Covid-19 pandemic accelerates online adoption of Hindu ritual for the dead

A pind daan ceremony that was organised by TravelBaits in Gaya, on Sept 16, 2020.
A pind daan ceremony that was organised by TravelBaits in Gaya, on Sept 16, 2020. PHOTO: TRAVELBAITS

NEW DELHI - Salvation could now just be a Zoom call away with the traditional Hindu ritual for the dead - the pind daan - increasingly moving online because of the coronavirus pandemic.

A pind daan is an important ritual for Hindu families that has staved off change for millennia.

It is conducted a year after a person's death so that the soul attains salvation.

Such ceremonies are held by the dead person's descendants at sacred locations in places such as Varanasi (Uttar Pradesh), Gaya (Bihar) and Siddhpur (Gujarat).

One of the first firms to offer online pind daans - Holy Voyages, a Varanasi-based travel agency - did so in 2015. It has seen such services more than double to 185 so far this year from 74 last year.

While its customers include Indians living abroad, the majority are from within India.

"The number has certainly increased because of the pandemic that has limited the ability of people to travel to holy places where these rituals are conducted," said Mr Prashant Verma, the director of Holy Voyages.

While conducted throughout the year, a particular auspicious period to propitiate ancestors is Pitru Paksha, a 16-day period in the Hindu calendar that, this year, fell in the first half of September.

It coincided with the Hungry Ghost Festival, which is marked in Singapore and other parts of South-east Asia to appease the dead.

An online pind daan service incorporates the regular rituals but replaces the descendant of the dead person, who normally participates in a conventional service, with a local representative.

The ceremony is then either streamed live or recorded, for it to be sent later to the family of the dead person.

 
 

Mr Shashank Mishra, the director of another Varanasi-based firm that offers religious services, said online pind daans surged "100 per cent" between March and September this year, compared to the same period last year.

The firm has also seen a similar increase in bookings from customers who are couriering a dead person's ashes to be immersed in the Ganges.

"Our regular offline services for these two are currently just at about 10 per cent of what they were in the pre-pandemic period," he said.

The potential for such a practice to flourish in a post-pandemic world has convinced others to cash in on the trend.

TravelBaits, an agency based in Bengaluru, launched an online pind daan service in August, a year after it began offering regular pind daans as part of its offline tour packages in holy places. It has conducted five such ceremonies so far.

"There has a been a major disruption because of the pandemic," Ms Shradha Sinha, chief executive and co-founder of TravelBaits, told The Straits Times.

"Prior to this, people never thought of online religious ceremonies as an option. While many will continue to opt for an actual service after the pandemic, there will be those unable to travel, including those living abroad, who will now increasingly choose online ceremonies," she added.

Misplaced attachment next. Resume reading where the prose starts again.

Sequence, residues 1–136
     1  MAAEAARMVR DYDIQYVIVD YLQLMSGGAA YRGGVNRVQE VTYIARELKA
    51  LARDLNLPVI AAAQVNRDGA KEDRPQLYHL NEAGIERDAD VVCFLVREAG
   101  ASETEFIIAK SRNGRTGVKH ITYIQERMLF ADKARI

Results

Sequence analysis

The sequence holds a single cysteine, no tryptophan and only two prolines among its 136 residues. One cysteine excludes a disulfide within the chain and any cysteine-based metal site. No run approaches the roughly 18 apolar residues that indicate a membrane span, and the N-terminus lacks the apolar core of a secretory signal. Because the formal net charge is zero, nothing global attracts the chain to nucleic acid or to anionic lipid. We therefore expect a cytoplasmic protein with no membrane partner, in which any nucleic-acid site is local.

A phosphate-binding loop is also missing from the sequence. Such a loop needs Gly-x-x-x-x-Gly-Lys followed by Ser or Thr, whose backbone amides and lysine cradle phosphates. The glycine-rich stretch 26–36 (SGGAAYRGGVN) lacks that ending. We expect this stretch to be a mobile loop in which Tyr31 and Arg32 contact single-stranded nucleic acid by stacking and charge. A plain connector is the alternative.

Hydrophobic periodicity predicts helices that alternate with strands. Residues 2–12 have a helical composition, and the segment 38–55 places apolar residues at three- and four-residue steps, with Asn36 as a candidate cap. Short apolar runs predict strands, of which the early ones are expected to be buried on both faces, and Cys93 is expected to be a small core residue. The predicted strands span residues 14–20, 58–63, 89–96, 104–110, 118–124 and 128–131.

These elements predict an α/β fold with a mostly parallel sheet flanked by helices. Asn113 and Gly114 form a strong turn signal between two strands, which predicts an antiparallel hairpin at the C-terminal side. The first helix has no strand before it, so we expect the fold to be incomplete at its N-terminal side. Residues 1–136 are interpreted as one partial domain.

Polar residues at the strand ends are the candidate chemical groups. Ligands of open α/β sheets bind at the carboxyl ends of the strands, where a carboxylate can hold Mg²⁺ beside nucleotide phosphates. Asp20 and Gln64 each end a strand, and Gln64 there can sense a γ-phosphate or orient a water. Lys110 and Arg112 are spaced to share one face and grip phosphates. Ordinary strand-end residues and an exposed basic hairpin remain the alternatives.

A Hindu devotee performs pind daan rituals in Allahabad, India, on Sept 17, 2020. PHOTO: AFP

But the online adoption of pind daan has drawn vociferous opposition from local influential priests across the country, including the Sri Vishnupad Management Committee in Gaya that represents local priests.

They regard this shift as an affront to tradition, amid concerns that it may pale their significance as well as that of places of pilgrimage.

"It is completely against our values and those who are opting for such services, as well as priests carrying them out, are both doing the wrong thing," said Mr Hiranath Darhiwala, a senior priest based in Gaya.

A greater shift to online services also threatens the economic interests of these priests who retain a strong control on the market for such services, as well as those of others who depend on incoming visitors such as hotel owners, local restaurants and transport service providers.

The age-old tradition, however, remains too deeply entrenched in Indian society to be dislodged by an online avatar.

Even priests who conduct pind daans online have their reservations.


A Hindu devotee performs pind daan rituals in Allahabad, India, on Sept 17, 2020. PHOTO: AFP

Mr Amarnath, who uses only one name, recommends an online service only for those who are physically incapacitated or are extremely busy.

The priest, based in Gaya, has conducted only around five such ceremonies in the last five years.

"It doesn't have the same value as a ceremony that is actually performed by someone from the family at the holy place of pilgrimage," he added.

"Isn't there a difference between paying respects to one's parents by actually touching their feet and doing so over the phone?"

Mr V. V. Subramanian, a management professional based in Kuwait, and his family are among those who opted for an online pind daan at Varanasi this year on Sept 13.

 
 

They did so for his 71-year-old mother-in-law, who died in August 2019.

He told The Straits Times that the family would have chosen an online service even if they had been based in their hometown in Hyderabad in India.

"When the rites are performed at home, it is always through a learned priest. We're not aware of the practices or chants.

"Hence, what is the difference if this priest is miles away and not next to you? It is the thought and belief that matter," Mr Subramanian said.

"If there's even a remote possibility that what we're doing can help the departed soul, then what's the harm in doing it? Isn't it better than not performing it?"